Nuclear Issues

175 Items

President Trump signs an Executive Order in Bedminster, New Jersey, entitled “Reimposing Certain Sanctions with Respect to Iran.”

Official White House Photo by Shealah Craighead

Analysis & Opinions - Responsible Statecraft

The JCPOA at 5: How the U.S. squandered an unprecedented diplomatic opening with Iran

| July 19, 2020

Why are governments willing to invest more time in sanctions and war than they do in diplomacy? I pondered this question as the five-year anniversary of the signing of the Joint Comprehensive Plan of Action, or Iran nuclear deal, passed last week. What would relations between the United States and Iran look like had diplomacy been given its due, and the Iran deal honoured for longer?   

Joseph Nye

Martha Stewart

Audio - Harvard Magazine

How Do Past Presidents Rank in Foreign Policy?

| Mar. 02, 2020

How do presidents incorporate morality into decisions involving the national interest? Moral considerations explain why Truman, who authorized the use of nuclear weapons in Japan during World War II, later refused General MacArthur's request to use them in China during the Korean War. What is contextual intelligence, and how does it explain why Bush 41 is ranked first in foreign policy, but Bush 43 is found wanting? Is it possible for a president to lie in the service of the public interest? In this episode, Professor Joseph S. Nye considers these questions as he explores the role of morality in presidential decision-making from FDR to Trump.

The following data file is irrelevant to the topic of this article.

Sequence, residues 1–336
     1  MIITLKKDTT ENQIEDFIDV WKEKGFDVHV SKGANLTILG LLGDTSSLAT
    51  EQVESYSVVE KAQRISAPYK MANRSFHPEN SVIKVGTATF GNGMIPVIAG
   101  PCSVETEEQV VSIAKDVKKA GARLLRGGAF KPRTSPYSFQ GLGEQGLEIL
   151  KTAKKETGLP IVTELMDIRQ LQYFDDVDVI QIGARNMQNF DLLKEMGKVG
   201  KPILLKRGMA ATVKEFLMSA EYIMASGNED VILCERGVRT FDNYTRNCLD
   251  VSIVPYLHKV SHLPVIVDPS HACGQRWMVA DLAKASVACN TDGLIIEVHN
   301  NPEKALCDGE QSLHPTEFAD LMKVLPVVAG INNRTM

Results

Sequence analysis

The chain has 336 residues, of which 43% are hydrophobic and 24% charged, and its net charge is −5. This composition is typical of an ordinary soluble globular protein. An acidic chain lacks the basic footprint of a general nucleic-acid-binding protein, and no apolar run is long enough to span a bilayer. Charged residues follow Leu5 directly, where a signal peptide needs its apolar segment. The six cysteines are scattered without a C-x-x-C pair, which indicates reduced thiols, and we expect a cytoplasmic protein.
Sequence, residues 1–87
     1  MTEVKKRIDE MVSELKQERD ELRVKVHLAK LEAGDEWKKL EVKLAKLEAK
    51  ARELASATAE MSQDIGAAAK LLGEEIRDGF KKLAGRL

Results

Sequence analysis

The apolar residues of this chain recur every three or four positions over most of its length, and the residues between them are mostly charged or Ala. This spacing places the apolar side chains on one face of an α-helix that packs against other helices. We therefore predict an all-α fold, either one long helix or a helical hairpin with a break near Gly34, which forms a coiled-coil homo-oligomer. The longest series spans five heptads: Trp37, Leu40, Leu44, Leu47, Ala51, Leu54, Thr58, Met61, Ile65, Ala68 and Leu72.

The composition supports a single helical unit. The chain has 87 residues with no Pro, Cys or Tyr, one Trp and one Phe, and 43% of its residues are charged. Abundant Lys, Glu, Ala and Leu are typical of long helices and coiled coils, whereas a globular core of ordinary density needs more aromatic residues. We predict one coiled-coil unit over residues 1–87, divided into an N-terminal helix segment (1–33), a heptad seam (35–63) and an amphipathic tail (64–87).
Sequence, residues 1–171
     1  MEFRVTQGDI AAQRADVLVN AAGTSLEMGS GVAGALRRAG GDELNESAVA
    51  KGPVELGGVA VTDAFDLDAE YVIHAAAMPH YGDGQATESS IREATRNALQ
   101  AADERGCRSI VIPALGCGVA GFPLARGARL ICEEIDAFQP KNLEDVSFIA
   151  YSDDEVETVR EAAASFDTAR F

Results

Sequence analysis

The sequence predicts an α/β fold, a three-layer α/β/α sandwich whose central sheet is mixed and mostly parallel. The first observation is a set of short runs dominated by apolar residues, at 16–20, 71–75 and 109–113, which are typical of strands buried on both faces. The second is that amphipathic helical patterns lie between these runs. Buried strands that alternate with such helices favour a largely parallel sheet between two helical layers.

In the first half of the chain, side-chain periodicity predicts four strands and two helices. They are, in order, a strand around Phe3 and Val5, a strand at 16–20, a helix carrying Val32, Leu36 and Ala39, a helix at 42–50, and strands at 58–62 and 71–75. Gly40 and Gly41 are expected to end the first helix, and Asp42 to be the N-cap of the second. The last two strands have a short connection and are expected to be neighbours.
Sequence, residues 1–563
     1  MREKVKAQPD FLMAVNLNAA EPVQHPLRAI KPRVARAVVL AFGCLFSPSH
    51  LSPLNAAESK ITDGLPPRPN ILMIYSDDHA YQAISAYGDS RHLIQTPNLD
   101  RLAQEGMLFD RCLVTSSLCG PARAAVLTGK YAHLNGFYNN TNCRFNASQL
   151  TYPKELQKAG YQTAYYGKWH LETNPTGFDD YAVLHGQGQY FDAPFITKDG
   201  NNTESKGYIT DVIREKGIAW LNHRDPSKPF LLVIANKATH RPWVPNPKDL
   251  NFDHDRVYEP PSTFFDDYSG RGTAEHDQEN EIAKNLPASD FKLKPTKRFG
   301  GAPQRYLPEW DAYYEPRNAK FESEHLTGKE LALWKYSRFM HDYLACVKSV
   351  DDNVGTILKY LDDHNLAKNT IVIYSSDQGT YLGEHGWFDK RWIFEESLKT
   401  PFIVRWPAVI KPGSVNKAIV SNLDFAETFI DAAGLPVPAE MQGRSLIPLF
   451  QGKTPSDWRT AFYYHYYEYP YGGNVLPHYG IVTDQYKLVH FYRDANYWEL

a speedboat of Iran's Revolutionary Guard moving around the British-flagged oil tanker Stena Impero

Tasnim News Agency via AP/Morteza Akhoondi

Analysis & Opinions - Bulletin of the Atomic Scientists

Never Waste a Good Crisis

| July 29, 2019

The Bulletin of Atomic Scientists has asked top experts from a variety of countries and with a variety of points of view to offer their best and most realistic advice on how the U.S.-Iran impasse might be broken, so a war that neither the United States nor Iran seems eager to begin can be averted. Chuck Freilich writes that the objective is a better deal, and a combination of coercive diplomacy, applied patiently over time, along with a willingness to compromise may make this possible. A "better deal" can only be achieved, however, if it is better for both sides.